Tips for parents considering learning pods for children amid COVID-19 pandemic

Learning pods, the hot new trend in home schooling during the pandemic, has small clusters of kids distance learning together.
LOS ANGELES (KABC) -- It's the hottest new thing in home schooling: the pod. Small clusters of kids distance learning together.

Efrat Brayer's 4-year-old daughter, Malka, is home-schooled. The curriculum allows for quite a bit of socialization with other homeschoolers. All that ended with COVID-19, until Brayer says another mom invited her daughter to join a pod.

"It is important for her to have this, and you know, to also be engaging with other kids," said Brayer.

But some health experts like pediatrician Dr. Nicole Herzog warn learning pods aren't as risk free as you might think.

"One of the main misconceptions about pods is that if you're seeing the same children every day, you're in a bubble, and you're safe," said Herzog. "But that's really not true. Your pod is only as safe as every single household contact with every single child in that pod."

Herzog says that doesn't mean you should avoid learning pods altogether.

"What's really important is to have very specific rules that are set out ahead of time to have all the families talk about them, and discuss them in detail and agree upon them and make sure that the teacher or the tutor is enforcing the rules," said Herzog.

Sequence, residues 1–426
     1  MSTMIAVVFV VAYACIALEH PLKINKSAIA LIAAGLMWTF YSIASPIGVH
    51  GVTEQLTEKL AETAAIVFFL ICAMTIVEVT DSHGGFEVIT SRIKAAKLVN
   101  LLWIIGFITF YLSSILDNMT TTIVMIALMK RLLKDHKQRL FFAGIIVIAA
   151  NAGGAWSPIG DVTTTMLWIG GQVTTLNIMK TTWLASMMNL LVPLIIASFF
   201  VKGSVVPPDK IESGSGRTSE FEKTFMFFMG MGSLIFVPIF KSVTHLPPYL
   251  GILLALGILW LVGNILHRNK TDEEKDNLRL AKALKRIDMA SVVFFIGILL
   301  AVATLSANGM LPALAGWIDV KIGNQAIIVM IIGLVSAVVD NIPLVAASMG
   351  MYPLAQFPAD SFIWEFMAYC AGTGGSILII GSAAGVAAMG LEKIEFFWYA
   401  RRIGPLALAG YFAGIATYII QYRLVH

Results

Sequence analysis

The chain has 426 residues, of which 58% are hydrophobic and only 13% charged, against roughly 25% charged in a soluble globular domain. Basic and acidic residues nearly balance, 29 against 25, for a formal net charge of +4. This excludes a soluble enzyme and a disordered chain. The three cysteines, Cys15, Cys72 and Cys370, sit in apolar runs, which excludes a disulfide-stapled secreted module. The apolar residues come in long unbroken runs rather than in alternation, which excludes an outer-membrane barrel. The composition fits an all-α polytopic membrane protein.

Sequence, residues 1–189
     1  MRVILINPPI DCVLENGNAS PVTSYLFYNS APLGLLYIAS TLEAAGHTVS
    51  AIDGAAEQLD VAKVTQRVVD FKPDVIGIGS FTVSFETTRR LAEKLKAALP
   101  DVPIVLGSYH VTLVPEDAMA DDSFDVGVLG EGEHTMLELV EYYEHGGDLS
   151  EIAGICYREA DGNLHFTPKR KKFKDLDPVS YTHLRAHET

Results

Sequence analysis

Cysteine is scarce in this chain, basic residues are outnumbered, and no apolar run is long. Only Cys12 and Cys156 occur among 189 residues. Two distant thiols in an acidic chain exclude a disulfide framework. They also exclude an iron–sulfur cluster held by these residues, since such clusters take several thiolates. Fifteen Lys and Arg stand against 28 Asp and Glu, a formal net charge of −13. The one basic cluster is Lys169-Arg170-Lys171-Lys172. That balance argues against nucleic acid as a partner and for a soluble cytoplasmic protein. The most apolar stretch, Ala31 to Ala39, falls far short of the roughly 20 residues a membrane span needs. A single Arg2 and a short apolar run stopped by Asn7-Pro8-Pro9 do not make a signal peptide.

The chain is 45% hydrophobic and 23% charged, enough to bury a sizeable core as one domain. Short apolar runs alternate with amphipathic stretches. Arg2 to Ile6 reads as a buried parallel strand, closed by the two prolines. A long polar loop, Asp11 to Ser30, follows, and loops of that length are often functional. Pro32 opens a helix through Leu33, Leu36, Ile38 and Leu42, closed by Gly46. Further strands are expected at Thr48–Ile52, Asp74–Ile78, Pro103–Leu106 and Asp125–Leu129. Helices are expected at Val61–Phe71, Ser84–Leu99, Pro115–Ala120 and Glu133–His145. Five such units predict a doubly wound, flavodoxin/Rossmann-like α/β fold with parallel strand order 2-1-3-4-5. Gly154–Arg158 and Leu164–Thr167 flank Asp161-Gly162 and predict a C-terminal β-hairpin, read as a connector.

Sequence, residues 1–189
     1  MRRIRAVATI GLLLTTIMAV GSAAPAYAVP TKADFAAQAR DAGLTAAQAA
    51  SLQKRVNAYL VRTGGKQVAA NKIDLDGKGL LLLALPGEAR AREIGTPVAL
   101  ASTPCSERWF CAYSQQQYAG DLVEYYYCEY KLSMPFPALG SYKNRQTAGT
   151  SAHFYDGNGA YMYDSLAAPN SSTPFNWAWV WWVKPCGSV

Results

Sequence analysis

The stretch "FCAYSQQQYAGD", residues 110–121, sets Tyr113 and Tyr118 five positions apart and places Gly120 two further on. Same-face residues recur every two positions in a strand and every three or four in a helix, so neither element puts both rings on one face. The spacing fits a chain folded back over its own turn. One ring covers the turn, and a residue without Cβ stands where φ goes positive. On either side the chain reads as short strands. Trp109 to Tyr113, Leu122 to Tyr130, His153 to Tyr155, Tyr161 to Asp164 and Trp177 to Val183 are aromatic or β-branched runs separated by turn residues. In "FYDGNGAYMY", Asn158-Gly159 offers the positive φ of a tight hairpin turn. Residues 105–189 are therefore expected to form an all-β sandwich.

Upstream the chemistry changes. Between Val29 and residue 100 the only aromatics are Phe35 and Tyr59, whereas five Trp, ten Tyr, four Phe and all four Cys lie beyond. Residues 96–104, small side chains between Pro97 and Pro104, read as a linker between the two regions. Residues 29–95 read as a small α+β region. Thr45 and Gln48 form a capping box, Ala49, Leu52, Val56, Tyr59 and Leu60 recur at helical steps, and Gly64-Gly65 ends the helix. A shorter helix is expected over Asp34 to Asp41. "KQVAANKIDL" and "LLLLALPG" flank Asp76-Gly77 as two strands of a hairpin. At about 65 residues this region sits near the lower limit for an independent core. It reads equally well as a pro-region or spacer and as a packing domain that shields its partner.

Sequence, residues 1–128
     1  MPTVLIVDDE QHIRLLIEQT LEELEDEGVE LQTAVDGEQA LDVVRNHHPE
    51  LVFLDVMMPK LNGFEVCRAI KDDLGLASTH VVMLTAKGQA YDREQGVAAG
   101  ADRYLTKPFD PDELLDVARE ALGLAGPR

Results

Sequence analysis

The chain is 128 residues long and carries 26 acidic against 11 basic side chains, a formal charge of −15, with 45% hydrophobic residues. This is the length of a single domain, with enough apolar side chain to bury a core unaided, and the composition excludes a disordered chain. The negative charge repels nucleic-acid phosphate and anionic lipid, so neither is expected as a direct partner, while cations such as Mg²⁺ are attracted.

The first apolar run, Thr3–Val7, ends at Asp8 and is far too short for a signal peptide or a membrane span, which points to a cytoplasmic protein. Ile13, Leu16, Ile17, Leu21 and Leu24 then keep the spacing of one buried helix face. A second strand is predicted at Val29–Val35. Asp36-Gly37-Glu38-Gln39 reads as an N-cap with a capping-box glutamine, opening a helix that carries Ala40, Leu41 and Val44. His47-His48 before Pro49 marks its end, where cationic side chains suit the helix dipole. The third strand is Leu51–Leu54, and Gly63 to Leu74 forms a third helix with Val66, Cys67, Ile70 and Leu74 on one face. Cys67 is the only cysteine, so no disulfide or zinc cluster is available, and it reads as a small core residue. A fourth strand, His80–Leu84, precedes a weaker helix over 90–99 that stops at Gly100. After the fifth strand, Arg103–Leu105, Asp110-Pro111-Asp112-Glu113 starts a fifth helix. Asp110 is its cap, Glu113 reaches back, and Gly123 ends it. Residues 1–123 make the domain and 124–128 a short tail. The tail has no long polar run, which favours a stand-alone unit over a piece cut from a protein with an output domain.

Here are some of the rules she suggests:

- even inside a home, 6-foot-social distancing and mask wearing by everyone: kids, tutors, teachers and parents.
- eating, both snack and lunch, should be done outside, weather permitting
- a plan for routine cleaning of high touch areas - that includes bathrooms - should be in place
- most important, the pod needs to set guidelines for illness.

"I would suggest if there's any sickness, there's quarantining for 14 days, you don't want to take any chances," said Herzog.

However, if anyone in the pod has immunocompromised or chronically ill family members, Dr. Herzog says a pod is not for them.

"It's really important to create a no blame environment where people are comfortable reporting any illness, any COVID so that everybody can deal with it in an appropriate and practical manner," said Herzog.

What about leaving your child home alone? Some working families have no choice. According to Dr. Herzog, this is OK if your child is 11 or 12, but not any younger.

Her suggestions:

- make sure your child knows what to do in case of emergencies, and if someone comes to the door.
- snack and lunch should be prepared in advance to avoid cooking alone
- reach out to a neighbor you trust, an adult your child can contact if necessary.

With LAUSD announcing it will be at least November before kids can return to class, thousands of parents are faced with some tough choices. Planning ahead is key.
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